Except for the authority granted to the Board by N.J.S.A. 48:2-21 and N.J.S.A. 48:2-21.1, the single remaining
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grant of authority to the Board to fix and approve rates here applicable is found in N.J.S.A. 48:2-21.2(1)(a). It is there provided:
In arriving at any determination as to the justness or reasonableness of any existing rate, fare or charge, or in prescribing a just and reasonable rate, fare or charge, the board shall not be bound:
1. To find a rate base, if it determines that
(a) the applicable operating expenses plus depreciation and taxes of conducting the business, for which the rate, fare or charge is established, computed on the basis of the 12 months next preceding the month in which the proceeding is initiated, exceeds the revenue from said operation, during said period, under the existing rates, fares and charges and that the revenue under the proposed increased rates, fares or charges will not exceed such operating expenses, depreciation and taxes, * * *.
A reading of the Board determinations reveals, here again, no findings such as would justify approval of the proposed rates under the terms of the above-quoted section of the statute. Even assuming the soundness of the basic figures adopted by the Board, it is conceded by the Board that the average revenue per car at the proposed rates would be well in excess of out-of-pocket costs. Indeed, the Board further concedes that the revenue per car at the existing (old) rates exceeds out-of-pocket costs in the case of shipments to three of the five shipping destinations -- and the figures demonstrate that the aggregate per car revenue exceeds the aggregate per car out-of-pocket costs for all five destinations.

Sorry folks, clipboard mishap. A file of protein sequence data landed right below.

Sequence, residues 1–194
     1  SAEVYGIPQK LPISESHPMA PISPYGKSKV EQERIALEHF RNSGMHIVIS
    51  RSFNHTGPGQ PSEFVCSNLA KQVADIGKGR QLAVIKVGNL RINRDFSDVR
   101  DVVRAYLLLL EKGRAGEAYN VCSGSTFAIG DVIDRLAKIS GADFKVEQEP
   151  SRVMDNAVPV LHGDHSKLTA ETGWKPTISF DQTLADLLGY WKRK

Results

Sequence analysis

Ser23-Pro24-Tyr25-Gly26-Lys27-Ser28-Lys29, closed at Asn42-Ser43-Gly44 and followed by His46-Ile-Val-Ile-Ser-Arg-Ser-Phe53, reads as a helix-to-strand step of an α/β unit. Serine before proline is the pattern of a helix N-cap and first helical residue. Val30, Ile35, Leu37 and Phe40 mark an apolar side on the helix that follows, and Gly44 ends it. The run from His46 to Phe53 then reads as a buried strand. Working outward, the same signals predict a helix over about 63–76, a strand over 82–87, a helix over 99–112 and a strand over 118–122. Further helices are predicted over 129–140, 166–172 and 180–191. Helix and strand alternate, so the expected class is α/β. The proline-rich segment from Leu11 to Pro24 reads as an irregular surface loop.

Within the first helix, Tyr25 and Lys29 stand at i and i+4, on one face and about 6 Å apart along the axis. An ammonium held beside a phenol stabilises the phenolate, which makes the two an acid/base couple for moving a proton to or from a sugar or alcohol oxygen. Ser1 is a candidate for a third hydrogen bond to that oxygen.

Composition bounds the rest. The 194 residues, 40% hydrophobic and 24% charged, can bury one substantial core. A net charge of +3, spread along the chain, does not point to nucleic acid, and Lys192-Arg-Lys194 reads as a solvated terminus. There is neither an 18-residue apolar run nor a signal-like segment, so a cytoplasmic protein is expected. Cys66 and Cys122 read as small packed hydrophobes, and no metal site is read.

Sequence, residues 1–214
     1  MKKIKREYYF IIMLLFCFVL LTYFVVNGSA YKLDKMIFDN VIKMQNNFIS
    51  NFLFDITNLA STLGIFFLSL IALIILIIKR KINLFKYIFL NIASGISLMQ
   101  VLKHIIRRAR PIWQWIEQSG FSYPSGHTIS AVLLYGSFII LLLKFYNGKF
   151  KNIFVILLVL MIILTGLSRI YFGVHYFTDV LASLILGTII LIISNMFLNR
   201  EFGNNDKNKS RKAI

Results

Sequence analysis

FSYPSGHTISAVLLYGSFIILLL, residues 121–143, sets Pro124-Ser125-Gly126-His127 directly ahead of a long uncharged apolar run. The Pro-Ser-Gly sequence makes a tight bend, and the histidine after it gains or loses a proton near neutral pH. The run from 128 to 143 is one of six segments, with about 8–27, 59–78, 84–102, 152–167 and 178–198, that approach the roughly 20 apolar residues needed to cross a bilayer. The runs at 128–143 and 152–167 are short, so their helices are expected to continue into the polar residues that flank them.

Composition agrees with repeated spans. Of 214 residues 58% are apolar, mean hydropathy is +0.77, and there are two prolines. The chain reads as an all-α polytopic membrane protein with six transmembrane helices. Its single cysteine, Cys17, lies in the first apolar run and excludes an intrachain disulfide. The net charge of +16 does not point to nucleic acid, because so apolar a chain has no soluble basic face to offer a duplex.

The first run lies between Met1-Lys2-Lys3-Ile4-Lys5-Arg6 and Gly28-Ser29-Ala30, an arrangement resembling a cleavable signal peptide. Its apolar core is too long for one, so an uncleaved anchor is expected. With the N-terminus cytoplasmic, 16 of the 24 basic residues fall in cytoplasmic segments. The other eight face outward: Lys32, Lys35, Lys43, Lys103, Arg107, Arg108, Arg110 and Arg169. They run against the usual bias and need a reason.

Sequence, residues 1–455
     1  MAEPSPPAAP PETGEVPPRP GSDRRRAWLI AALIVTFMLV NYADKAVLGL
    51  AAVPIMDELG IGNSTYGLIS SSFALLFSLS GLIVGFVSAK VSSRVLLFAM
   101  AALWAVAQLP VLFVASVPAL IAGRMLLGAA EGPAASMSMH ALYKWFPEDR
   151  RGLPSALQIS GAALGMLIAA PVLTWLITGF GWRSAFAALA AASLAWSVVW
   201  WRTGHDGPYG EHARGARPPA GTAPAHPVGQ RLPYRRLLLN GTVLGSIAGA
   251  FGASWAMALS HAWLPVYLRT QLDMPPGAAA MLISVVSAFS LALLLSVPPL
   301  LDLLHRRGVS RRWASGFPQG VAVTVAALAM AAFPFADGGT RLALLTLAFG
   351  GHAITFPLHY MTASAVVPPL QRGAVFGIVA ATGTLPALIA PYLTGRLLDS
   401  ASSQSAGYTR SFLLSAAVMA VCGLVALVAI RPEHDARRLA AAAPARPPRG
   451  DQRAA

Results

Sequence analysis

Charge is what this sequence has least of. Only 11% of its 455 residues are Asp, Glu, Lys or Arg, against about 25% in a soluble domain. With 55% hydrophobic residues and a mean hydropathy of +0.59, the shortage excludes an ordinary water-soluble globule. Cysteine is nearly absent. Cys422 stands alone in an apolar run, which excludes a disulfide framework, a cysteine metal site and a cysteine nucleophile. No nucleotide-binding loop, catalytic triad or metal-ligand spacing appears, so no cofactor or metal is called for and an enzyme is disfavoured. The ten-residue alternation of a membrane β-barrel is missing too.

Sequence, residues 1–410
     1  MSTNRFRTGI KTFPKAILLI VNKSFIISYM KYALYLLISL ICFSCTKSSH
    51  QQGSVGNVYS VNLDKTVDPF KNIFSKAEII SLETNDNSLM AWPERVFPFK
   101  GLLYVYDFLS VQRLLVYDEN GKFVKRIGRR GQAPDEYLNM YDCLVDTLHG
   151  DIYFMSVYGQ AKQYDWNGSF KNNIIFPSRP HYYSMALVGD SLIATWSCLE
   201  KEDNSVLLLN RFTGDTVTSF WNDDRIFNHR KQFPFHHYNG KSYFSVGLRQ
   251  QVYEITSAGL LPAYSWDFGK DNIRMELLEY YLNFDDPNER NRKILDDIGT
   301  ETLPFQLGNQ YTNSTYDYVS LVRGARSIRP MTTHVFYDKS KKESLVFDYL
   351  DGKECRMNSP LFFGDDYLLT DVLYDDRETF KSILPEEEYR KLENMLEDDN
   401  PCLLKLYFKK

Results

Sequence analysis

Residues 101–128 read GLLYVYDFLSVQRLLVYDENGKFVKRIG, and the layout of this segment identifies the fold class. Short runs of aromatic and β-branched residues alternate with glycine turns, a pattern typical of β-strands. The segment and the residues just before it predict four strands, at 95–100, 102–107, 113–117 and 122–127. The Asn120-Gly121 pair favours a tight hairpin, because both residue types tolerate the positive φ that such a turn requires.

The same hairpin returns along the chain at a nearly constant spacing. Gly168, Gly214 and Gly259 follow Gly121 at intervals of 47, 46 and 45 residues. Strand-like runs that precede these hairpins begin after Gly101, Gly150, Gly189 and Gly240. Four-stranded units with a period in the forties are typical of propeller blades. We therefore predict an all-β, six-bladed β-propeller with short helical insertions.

We conclude, therefore, that the action of the Board in approving and accepting the proposed increased rates on industrial sand was without legal basis or authority, and for this reason must be set aside. In so concluding we are not unmindful of nor unsympathetic to the difficulties and problems confronting many rail carriers, including The Central Railroad of New Jersey. Notwithstanding, such predicament does not and cannot justify the fixing or approval of freight or other rates without regard to the standards, long extant, by which the competing interests of the railroad and
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the public are served. Cf., Interstate Commerce Comm'n v. Union Pacific Railroad, 222 U.S. 541, 549, 32 S. Ct. 108, 56 L. Ed. 308 (1911).
Accordingly, the action of the Board of Public Utility Commissioners is set aside and the cause is remanded to the Board to enter an order disapproving the increases in rates proposed, N.J.S.A. 48:2-46; and the Clerk of the Superior Court is authorized to pay to each of the shippers who have made deposits with the Clerk pursuant to the direction contained in the opinion of this court in this matter, filed February 22, 1973, the respective sum or sums deposited by said shipper, upon application therefor.